Tag Archives: study tips

Five of Napa Valley’s Best Study Breaks

By Sarah Tanner 

The Napa Valley is known best for luxury living, fine dining, and watercolor sunsets set against the dark green of its surrounding mountains. For college students with limited budgets and even less time, while the area is gorgeous to take in, it is not always easy to find inexpensive activities to relieve the stress of classes. Luckily, the valley has much to offer, and discovering your next favorite study break location is easier than you think!

Lake Berryessa

Adventurous students with a love for the outdoors can head to Lake Berryessa for a variety of activities including kayaking, fishing, hiking, and a number of water sports. Less than a forty-minute drive from PUC’s campus, this lake makes for a fun weekend hangout location. It’s also the perfect spot for hot weekends early in the fall quarter, when students can pack a picnic lunch and spend the day surrounded by nature, and still make it back to the dorms in time for nightfall.   

St. Helena Farmer’s Market

The St. Helena farmer’s market is a lovely Friday morning activity just a few minutes’ drive down the hill. This event is open from 7:30 a.m. to 12:00 p.m. each week and features the valley’s favorite artisan products. Located in Crane Park from May through October, fresh fruit and vegetables, as well as a number of baked goods are available for purchase. Grab a coffee, and wander the stalls for a quick morning get away. 

Bocce Ball

St. Helena features a number of parks that include bocce ball courts. This easy afternoon activity pairs best with a handful of friends and a large pizza. Take in the sunshine and let your competitive spirit run wild as you compete on the court. With a little skill and some luck, this game is relatively simple to master, and a great way to fit outdoor activity within a busy schedule. 

Robert Louis Stevenson State Park

A favorite area of its namesake author, and located just north of Calistoga, this state park includes a number of hiking trails and cycling opportunities. It encompasses Mount St. Helena, as well as a number of scenic viewpoints. With hiking options ranging from short jaunts to a ten-mile round-trip, Robert Louis Stevenson practically begs for return visits.

Bouchon Bakery

Tucked between restaurants lining Yountville’s main street is Bouchon, a local bakery known worldwide for their award-winning desserts. What better way to treat yourself after a long week of classes, quizzes, and studying? Pick up a house-made macaron, pain au chocolat, or take a loaf of fresh-baked bread to go, and enjoy a well-deserved break from the stress of the quarter.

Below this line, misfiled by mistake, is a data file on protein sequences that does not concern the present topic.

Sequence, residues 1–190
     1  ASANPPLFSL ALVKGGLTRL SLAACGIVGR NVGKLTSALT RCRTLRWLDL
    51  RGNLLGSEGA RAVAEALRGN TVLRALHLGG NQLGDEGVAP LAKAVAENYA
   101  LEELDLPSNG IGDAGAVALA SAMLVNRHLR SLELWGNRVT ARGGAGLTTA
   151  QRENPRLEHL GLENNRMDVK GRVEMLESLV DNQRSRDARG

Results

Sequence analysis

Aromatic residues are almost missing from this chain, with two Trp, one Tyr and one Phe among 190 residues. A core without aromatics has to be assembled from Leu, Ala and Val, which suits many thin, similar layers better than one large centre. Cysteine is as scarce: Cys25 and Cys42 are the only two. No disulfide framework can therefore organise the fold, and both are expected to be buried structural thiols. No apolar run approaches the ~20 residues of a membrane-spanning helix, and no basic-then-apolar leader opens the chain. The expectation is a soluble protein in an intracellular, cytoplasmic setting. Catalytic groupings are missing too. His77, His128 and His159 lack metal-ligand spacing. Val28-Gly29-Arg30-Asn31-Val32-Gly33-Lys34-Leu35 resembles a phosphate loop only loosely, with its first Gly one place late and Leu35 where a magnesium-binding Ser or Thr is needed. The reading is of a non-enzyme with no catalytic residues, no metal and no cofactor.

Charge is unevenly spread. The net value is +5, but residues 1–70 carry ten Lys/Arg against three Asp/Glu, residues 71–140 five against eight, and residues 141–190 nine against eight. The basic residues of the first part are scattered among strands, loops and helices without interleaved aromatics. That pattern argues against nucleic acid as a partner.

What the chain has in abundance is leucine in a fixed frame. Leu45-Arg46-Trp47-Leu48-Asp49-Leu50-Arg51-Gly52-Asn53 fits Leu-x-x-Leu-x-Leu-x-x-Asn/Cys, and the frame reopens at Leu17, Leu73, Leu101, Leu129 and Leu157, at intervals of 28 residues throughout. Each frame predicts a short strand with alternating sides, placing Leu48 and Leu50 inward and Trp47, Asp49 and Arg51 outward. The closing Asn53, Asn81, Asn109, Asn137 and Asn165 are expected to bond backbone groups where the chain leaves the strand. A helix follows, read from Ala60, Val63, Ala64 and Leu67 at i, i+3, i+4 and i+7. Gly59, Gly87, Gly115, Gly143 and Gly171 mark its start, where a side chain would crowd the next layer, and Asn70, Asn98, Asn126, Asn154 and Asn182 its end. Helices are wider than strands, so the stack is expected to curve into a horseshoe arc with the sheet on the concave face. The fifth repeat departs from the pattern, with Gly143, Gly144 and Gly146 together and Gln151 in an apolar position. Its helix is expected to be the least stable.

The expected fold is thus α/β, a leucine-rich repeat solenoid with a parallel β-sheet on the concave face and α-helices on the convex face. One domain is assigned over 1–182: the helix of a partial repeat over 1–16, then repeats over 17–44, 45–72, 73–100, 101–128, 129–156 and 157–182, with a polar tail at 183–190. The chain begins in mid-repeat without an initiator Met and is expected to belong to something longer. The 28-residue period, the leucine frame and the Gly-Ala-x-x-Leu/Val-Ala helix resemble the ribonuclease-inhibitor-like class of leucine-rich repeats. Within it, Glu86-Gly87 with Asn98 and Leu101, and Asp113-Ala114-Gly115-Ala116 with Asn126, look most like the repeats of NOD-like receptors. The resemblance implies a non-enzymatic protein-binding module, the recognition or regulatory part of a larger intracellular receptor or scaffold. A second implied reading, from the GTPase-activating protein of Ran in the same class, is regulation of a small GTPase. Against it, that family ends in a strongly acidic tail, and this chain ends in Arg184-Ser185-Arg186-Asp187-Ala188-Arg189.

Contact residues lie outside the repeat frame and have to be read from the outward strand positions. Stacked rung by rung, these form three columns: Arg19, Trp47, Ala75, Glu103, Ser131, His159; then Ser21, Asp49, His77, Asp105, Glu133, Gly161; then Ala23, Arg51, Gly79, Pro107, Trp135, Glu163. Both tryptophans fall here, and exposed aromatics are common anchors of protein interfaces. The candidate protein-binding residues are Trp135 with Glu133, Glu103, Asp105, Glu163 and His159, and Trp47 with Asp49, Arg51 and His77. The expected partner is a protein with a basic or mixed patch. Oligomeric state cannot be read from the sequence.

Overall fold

Whether you prefer to wander the streets of Calistoga, fit in an early morning hike, or sample your favorite baked goods, the Napa Valley has a number of budget-friendly activities practically made for busy college students. With a wide variety of options and locations, the valley offers something fun for virtually everyone. 

 

6 Tips for Staying Organized this Fall Quarter

By Sarah Tanner

The beginning of each new school year is a busy time for everyone. The whirlwind of moving into the dorms, figuring out new schedules, and adjusting to new routines can be quite stressful at times, and it is often easy to feel overwhelmed when faced with so many changes after a relaxing summer. However, having more responsibilities does not necessarily equate with more stress! Ease into fall quarter with these quick tips for organization, and start the year with your best foot forward. 

  1. Invest in a daily planner. Nothing is worse than falling behind in assignments early in the quarter. Every Sunday, plan your upcoming week by writing out each day’s assignments. With your week planned, you can avoid being surprised by last-minute tasks, making it easier to schedule in free time for other activities. Take your planning one step further by color-coding each class, so assignments are easily distinguishable. 
  2. Clean up your workspace. A cluttered desk often creates a cluttered mind. Take some time every once in a while to clear up the week’s messiness. Throw out unneeded papers, line up your textbooks and notebooks, and round up your stray pens and pencils. Creativity always flows best in an open space, and a freshened-up work area can do wonders for your studying mentality.